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"Eating Animals". Discovering the Indecent Life Conditions of our Food with Jonathan Safran Foer

Maria Caspani (May 11, 2010)
In 341 pages of "Eating Animals", writer Jonathan Safran Foer shows the readers the cruelty with which animals are treated before being served as a delicious dish on our tables . We met him in Milan after the presentation of the Italian edition of his work

Sneakers and a pair of black trousers, an elegant shirt but with no jacket. Chatting with Jonathan Safran Foer in the hall of a Milan hotel is like talking to a long time friend while sipping a good “spritz” at the aperitivo.

His last book “Eating animals” (Little, Brown and Company) , was recently presented during an animated debate on vegetarianism at the Libreria Feltrinelli, one of Milan cultural “hotspots”, while in the Us it had already caused a fuss. Why? Well, because the Brooklyn based writer spent the past year sneaking into farms and slaughterhouses, often after the sunset to avoid being caught by the unsuspecting owner . He did this to show the reader the cruelty with which animals are treated before being served as a delicious main course in a fancy New York restaurant as well as in each one of our homes. Foer guides you through 341 pages that reflect the indecent life conditions of the soon-to-become our food, not sparing any gruesome detail.
 

“Sexual desires are way stronger than food cravings. And almost everyone can control his sexual instincts while sometimes it just seems too hard to say no to a fillet steak”, tells Foer. In his opinion it is all about being civilised. “First thing, we need to want to live in a world where people would stop taking everything the think they can’t live without, mainly because our world cannot carry on like this”.
 
 

What has driven you to write this book? It has been more the ecological aspect of the story that caught you or was it all about the pity for the innocent creatures that end up in our plates?

I started to think about vegetarianism as a kid and I can say that at that stage in my life I felt definitely more concerned about the lives of the animals. When I started researching for the book I slowly realised that there is a general number of issues that concerne me. And I still think that even if the living conditions of animals were to get better I’d still not be eating meat.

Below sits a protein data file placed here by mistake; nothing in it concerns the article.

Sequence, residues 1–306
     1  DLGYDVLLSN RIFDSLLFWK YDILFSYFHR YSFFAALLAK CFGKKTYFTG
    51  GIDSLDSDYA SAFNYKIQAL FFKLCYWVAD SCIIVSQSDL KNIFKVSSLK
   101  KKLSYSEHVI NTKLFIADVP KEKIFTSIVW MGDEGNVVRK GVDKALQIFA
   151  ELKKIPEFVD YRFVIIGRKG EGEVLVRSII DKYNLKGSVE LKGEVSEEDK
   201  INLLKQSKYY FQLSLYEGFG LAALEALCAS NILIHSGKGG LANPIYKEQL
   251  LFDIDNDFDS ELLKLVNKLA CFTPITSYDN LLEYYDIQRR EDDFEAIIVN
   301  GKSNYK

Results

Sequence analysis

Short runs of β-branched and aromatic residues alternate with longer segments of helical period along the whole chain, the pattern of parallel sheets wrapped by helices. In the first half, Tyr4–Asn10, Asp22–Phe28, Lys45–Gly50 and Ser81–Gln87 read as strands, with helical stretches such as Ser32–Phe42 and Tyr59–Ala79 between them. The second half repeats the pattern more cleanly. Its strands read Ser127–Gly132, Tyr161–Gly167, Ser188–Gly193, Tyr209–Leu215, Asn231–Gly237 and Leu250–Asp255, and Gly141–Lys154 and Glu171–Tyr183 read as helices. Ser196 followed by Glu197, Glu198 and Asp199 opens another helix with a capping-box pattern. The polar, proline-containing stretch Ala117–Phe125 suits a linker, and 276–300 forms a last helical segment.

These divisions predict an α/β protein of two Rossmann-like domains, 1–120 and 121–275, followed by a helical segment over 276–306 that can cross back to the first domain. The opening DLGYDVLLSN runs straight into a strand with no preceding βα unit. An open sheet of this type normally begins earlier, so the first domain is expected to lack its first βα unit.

Being a part of the Jewish culture and tradition did in some way influence what you write and how you write it?

For sure. I wouldn’t define myself as a religious person but the stories that we’ve been told when we were kids, the jokes we grew up with...it was all very “Jewish”. And inevitably all of these things shaped my imagination, my sense of humour, the way I tell stories.
 

What do you think could lead big companies in the food industry to change their breeding methods?

I can assure you that no one will suddenly wake up one day and decide to twist his way of doing business just because it is morally preferable. But I’m deeply convinced that things will change and in fact they already are changing. The reason is very simple: people are beginning to ask for different foodstuff. At the end of the day the key role in this campaign is once again played by consumers.  In the States everything, the whole debate on healthy food, started when the request for the so called “organic” food rose to unprecedented levels. And now it’s impossible not to find them in our supermarkets.

So you think that people might stop eating hamburgers even in the Motherland of the Cheeseburger?

Do you know that Americans eat twice as much meat as Europeans? This is ridiculous. We would have to give up at least half of our meat based meals. If I believe people will do it? Well, I hope so. Eating habits change quite fast just like all other habits. Just think about smoking: until five or six years ago smoke was everywhere. Now they look at you like you’ve killed someone if you light up a cigarette. I would call it a “cultural evolution”.
 

“If nothing matters” is the Italian translation of “Eating animals” and it sounds a bit pessimistic. What did you want to communicate by using these words?

Those are the words my grandmother says in the first chapter. They reflect the moral of the story that she was telling in that passage, a story about hunger and salvation and strong principles. For me this means we always have to act on our principles, even when it doesn’t save you money or time, even when it is hard and it makes you look “weird”.
 

The “grandma character” has always been a predominant figure in all your books.

I know, the fact is that she’s always there, always in my head. The obvious conclusion is that my real grandmother is very important to me. She is the matriarch of our family and she is also what links me to a world that I’ve never known, a world that is now lost but still somehow live in the past, through memories. My entire family is originally from Eastern Europe and, if it wasn’t for the war (WWII, ndr) I will be still living there, speaking another language, probably telling different kind of stories. For me she is still that very thin thread that connects the Old World to the New.

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